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Cruise Tips for Independent Travelers

Updated on June 10, 2009

You don’t usually see “independent travel” and “cruise” in the same sentence because it seems like one is pretty much the antithesis of the other. On some cruise vacation, every minute of every day is planned for you, right down to who you eat dinner with and at what time. However, with the right attitude and a bit of know-how, even an independent traveler can have a fantastic cruise vacation. 

1. Choose Your Cruise Carefully

More and more cruise lines are clueing in to the fact that people like having some choices in how they spend their vacation. The industry leader in this trend is Norwegian Cruise Line with their “freestyle cruising” concept. To start, they’ve done away with dress codes, huge dining rooms, and assigned meal times. Instead, you have a choice of different meal options, including a casual buffet that’s open for breakfast, lunch, and dinner, one “dress-up” dining room, and several restaurants that allow you to order from a menu. I cruised to Alaska on the Norwegian Pearl, and I ate at a different restaurant every night of the week: French, Italian, Asian, Spanish, and more. 

2. Find a Quiet Area on the Ship

When you’re on a ship with thousands of passengers (plus another thousand crew members) it’s important to find some peaceful places where you can get away from the crowds. The easiest way is to spring for a slightly nicer cabin, where you don’t feel like you’re hanging out in a shoebox. A balcony stateroom is definitely a nice place to spend a week.

If that’s not in your budget, explore the ship and do some detective work on what places are busiest when. Bars and lounges are usually open all day, but only get crowded in the evenings. Likewise, eating early or late is more relaxing than fighting the crowds during peak meal times. 

3. Choose Small Group Excursions, or Do Your Own Thing

Things can get pretty hectic on port days. If the ship docks at noon, chances are there’s a crowd of people waiting to rush off the ship the minute the gangway is down. If you hang back an hour, you can stroll off the ship at your leisure. Same with coming back on board: Come back a bit early and avoid the last-minute rush to get on board or you’ll find yourself waiting in a huge line to get through on-board security. 

If you're fiercely independent (or on a tighter budget), you can avoid the pre-planned shore excursions offered through the cruise line and explore the ports of call on your own. Taking a walk around the harbor area is a nice way to get to know your destination, and if the town is small enough, you can easily explore it on foot. Taking a cab or a bus to a particular attraction lets you avoid being herded around with hundreds of tourists. Taking hikes into the surrounding area is also a nice way to venture out on your own.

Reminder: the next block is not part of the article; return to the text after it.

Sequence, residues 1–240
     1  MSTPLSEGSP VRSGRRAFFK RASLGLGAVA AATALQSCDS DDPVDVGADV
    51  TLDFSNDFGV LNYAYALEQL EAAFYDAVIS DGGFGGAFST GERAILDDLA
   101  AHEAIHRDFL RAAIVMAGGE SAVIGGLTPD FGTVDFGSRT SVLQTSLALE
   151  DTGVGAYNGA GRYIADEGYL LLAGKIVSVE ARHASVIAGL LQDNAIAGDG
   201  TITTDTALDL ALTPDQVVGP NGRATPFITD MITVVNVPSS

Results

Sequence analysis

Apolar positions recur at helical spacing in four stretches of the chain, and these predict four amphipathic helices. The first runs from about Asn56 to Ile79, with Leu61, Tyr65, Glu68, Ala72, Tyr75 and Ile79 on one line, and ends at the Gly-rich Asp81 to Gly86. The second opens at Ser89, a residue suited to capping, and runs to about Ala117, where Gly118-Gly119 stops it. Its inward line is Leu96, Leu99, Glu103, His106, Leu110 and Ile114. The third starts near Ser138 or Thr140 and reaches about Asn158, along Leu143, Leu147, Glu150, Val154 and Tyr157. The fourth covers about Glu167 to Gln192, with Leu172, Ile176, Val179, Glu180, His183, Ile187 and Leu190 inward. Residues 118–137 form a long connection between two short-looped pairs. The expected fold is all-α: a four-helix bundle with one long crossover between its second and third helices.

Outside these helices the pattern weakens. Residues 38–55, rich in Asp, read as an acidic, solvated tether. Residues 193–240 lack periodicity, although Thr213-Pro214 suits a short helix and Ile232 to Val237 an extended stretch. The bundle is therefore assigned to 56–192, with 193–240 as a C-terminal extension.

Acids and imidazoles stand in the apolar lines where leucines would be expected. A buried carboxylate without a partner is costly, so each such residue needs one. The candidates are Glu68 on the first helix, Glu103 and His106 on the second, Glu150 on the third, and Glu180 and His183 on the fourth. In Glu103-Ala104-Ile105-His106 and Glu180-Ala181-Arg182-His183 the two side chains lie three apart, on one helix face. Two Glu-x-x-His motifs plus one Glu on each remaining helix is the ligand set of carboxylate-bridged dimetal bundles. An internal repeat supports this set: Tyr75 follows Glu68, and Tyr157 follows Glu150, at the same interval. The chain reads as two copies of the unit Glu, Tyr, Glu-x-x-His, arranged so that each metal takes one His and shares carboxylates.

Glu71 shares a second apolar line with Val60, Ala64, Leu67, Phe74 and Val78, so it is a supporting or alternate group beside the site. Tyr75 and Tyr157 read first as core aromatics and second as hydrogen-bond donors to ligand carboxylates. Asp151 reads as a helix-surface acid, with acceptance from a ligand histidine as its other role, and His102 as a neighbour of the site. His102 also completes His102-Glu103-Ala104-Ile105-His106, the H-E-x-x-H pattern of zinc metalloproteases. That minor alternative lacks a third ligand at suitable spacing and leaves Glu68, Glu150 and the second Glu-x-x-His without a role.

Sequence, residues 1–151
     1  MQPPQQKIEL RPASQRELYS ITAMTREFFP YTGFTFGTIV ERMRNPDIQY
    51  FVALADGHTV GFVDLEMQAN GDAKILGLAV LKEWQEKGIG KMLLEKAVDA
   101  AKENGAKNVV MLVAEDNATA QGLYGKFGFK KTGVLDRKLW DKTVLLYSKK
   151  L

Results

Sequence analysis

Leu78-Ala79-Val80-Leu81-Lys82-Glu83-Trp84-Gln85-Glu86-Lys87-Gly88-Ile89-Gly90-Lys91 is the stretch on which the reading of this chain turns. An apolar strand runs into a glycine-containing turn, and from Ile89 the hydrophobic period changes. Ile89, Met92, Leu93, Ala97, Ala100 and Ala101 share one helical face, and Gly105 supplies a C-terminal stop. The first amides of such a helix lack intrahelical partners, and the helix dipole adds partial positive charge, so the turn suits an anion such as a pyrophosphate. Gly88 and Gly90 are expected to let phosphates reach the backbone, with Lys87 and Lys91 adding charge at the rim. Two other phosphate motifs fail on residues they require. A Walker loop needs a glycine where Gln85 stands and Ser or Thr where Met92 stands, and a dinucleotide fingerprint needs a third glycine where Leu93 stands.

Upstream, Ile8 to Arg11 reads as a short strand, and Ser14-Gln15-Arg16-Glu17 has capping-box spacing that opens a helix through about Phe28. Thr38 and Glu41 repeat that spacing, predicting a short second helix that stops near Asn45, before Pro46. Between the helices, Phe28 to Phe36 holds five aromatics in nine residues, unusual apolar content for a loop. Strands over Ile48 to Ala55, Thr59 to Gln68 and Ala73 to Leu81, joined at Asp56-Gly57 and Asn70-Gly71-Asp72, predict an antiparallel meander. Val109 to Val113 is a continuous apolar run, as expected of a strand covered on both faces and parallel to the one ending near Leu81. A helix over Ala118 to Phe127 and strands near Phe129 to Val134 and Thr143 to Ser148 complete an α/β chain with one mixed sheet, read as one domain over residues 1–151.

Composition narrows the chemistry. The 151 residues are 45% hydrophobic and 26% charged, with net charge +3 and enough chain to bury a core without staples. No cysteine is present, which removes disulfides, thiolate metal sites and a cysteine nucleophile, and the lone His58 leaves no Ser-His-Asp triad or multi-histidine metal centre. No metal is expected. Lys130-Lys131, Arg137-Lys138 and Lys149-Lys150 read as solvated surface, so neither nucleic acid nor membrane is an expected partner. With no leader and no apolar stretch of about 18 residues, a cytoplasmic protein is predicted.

If you’re interested in the excursions offered by the cruise line, pick small group excursions. For example, I did two excursions on my cruise. The first was a sightseeing flight and the second was a scenic train ride. The flight was a lot more fun because it was just less crowded. A small sightseeing plane doesn’t fit quite as many people as a train does. The train ride was nice, but dealing with the huge crowd getting on and off the train, plus being surrounded by loads of tourists, was pretty annoying. The lesson here is that you want to look for tours that accommodate fewer people. 

4. Look for Small-Venue Entertainment

Most ships have one huge theater that houses a fabulous show every night. The ship’s headliners (comedians, acrobats, dancers, singers, etc.) usually perform there and it can be fun once in a while. But some of these entertainers will do additional shows either after the main show or sometime the next day in a smaller venue of the ship. For example, comedians often do a shorter, more casual after-show in one of the bars or lounges, which not only provides a better atmosphere but also comfier seating.

5. Pack Light

You’ll be tempted to take lots of stuff because you’ll be staying in one place for the whole trip, but fight the urge to overpack! You’ll have a lot more freedom on embarkation and disembarkation day if you just bring one bag. It doesn’t have to be airplane carry-on size, but you should be able to handle it easily.

Carrying your own luggage on and off the ship can save you a lot of time and hassle because you never have to check your bag. That means you’ll have it right away on day 1 (instead of waiting for hours to have your bags delivered) and you can disembark quickly on the final day (instead of searching for your bags in a huge luggage hall with hundreds of other passengers). 

6. Some Final Budget Tips

Since your cruise fare includes accommodation and food, staying on budget should be a snap, right? The cruise line usually has other ideas though, wanting you to spend your hard-earned money on drinks, excursions, gifts, photos, and spa services. It helps to do some research ahead of time on what’s a good value and what isn’t.

Some things, like internet access and specific spa services, are not a good value early in the cruise because they always run specials later in the trip. If you watch the daily cruise newsletter, there’ll be special deals available almost every day. You’ll usually find better deals on port days, because they want you to keep spending money on the ship, and not just in town.  

If you follow some of these tips, I'm sure that even the most independent traveler can find fun and relaxation on a cruise!


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      Gypsy willow 8 years ago

      Thanks for the sensible tips. It makes the prospect of a cruise more inviting.